Intro: Secure Suction Chamber for Disc Sander
This new instructable about building a simple yet extremely effective guard House for my disc Sander (although this is a my previous instructable).
All connected to the vacuum cleaner tube that, creating enough depression prevents dust from getting out while it sucks the most.
All very simple: nothing fancy and easy to build, using recycled materials such as:
PVC pipe from 16 mm and 20 mm,
Advanced hose from an old water connection,
transparent PVC and nylon.
Could not miss given the kind of accomplishment "fast" the classic American tape, always critical to have a result effective and fast!
There is no need to dwell to explain the reasons that made me build this "cover": anyone using the Sander needs no further explanation.
I'll say one word:
Step 1: The Material
I wanted to make a accomplishment easiest way and wanted to do soon:
I succeeded: in just over an hour into the game was done ...
As a first step I made four 16 mm holes into wood, passers-by, so as to accommodate 16 mm tubes that will support the cover fixing them each with a wood screw that crossed it into the base.
Step 2: The Structure
To ensure a more stable the structure I entered into the two rear tubes 20 mm pipe, obviously drilled in order to fit the whole,
In the front instead I settled for a simple lath fixed with screws.
For "whim", since the tube I was missing, I entered into the pipe from 16 to 20 getting a greater "cleaning" in the work.
I then entered the two flexible tubes from 10 mm (flexible but stiff enough) in the two previously created structures behind, and directly in support of wood front; that way I got a slight slope shutter of the visor that would improve visibility.
Step 3: The Cover
They are then passed to the cover.
For valve I used a piece of advanced PVC from a previous job that lent itself very well to my realization because flexible enough but solid enough.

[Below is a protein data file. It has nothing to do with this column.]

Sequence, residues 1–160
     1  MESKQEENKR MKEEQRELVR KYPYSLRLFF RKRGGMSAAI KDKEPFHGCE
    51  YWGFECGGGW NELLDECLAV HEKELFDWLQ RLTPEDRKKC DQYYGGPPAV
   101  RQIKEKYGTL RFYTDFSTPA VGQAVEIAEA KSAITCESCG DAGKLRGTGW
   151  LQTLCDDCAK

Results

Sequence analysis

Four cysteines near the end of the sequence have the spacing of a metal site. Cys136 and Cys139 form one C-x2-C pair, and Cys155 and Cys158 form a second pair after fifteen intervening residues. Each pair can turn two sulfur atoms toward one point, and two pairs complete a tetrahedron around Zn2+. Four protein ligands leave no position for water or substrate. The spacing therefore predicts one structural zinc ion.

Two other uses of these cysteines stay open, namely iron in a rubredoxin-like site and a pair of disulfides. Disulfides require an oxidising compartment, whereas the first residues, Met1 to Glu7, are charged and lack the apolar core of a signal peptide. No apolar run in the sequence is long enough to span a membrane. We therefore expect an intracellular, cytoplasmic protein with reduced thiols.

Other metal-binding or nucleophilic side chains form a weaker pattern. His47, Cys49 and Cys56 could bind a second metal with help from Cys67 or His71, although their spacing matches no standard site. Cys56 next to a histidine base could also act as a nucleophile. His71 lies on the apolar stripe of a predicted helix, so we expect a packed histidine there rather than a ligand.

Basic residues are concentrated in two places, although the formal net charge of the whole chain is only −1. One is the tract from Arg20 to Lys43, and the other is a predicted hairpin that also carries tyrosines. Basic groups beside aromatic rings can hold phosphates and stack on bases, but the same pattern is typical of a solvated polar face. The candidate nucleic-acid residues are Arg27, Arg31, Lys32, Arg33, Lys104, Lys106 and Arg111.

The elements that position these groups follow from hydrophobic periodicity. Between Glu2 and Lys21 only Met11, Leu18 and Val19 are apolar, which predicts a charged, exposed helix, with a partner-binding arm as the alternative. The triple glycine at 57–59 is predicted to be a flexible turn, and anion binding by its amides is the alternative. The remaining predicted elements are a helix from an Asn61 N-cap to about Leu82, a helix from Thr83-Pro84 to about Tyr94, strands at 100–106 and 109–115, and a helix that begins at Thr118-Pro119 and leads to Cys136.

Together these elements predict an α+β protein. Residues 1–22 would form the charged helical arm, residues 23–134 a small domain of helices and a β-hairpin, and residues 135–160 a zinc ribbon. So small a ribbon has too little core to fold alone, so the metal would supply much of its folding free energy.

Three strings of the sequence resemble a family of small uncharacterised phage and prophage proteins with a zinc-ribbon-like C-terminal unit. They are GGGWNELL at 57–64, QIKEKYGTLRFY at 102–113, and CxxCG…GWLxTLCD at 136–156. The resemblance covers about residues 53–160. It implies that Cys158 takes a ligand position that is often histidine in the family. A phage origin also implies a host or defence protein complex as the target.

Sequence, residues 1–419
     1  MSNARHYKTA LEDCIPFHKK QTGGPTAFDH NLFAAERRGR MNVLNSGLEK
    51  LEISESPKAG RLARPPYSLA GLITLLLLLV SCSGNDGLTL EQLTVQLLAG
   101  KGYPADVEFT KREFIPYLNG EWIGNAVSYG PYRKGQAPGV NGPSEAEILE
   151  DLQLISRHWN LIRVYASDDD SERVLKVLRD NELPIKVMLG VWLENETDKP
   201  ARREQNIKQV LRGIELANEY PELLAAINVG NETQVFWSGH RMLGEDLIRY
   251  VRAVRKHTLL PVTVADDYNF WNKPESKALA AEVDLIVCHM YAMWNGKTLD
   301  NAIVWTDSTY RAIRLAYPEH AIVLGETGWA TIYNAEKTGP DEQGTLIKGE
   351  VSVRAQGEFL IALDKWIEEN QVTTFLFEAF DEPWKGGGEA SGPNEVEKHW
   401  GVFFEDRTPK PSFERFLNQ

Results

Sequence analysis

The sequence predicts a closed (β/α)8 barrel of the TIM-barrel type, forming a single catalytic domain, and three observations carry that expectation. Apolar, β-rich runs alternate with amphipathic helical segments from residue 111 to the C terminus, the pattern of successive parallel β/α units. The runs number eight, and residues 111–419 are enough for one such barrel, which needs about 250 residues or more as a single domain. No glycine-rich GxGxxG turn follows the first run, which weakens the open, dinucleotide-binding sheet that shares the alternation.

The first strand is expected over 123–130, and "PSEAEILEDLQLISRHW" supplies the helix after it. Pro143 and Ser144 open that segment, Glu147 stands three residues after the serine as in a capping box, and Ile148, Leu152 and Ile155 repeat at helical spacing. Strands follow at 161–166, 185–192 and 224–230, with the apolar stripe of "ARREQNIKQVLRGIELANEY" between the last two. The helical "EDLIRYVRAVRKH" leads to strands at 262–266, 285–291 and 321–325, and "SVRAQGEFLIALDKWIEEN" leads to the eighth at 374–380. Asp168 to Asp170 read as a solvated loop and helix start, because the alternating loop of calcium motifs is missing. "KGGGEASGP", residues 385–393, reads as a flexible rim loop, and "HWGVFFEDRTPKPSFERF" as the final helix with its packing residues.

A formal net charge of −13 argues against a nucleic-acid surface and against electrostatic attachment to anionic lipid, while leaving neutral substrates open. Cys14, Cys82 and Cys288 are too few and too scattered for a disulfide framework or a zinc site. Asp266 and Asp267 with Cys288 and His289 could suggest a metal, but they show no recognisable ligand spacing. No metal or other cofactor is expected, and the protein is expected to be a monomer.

I fixed this sheet with three screws for each side to the lower bracket.
I then connected the two sides with the frame tubes as shown in the third figure.
Forgot to mention that I had previously created a hole for the entry of the vacuum cleaner tube, then braided to avoid releases of dust from it.
Next, using the nylon (garbage bags)
always with American tape I connected with the shield tightly, while at the rear and below I have limited myself to roll it up and adhere it below the wood frame.
Step 4: Conclusions
As a last step I created the front cover, always airtight at the top but this time, it releases at the bottom to allow the hands to come in to do the job and so even that there was a certain air exchange.
Since nylon is very light I kinda weighed down with little pieces of PVC that I had advanced (and in line with the whole creation!)
I must say I was amazed by the absolute effectiveness of this project: obviously not all dust is removed from the vacuum cleaner but the little that remains latent comes to rest inside the structure that obviously will need a little maintenance from time to time.
Given the ease of implementation and low cost of this project I thought I would present it to the public by Instructables.com to share it with those who wish to appreciate and possibly realize.
Thank you for your attention and happy new year to all from Torx.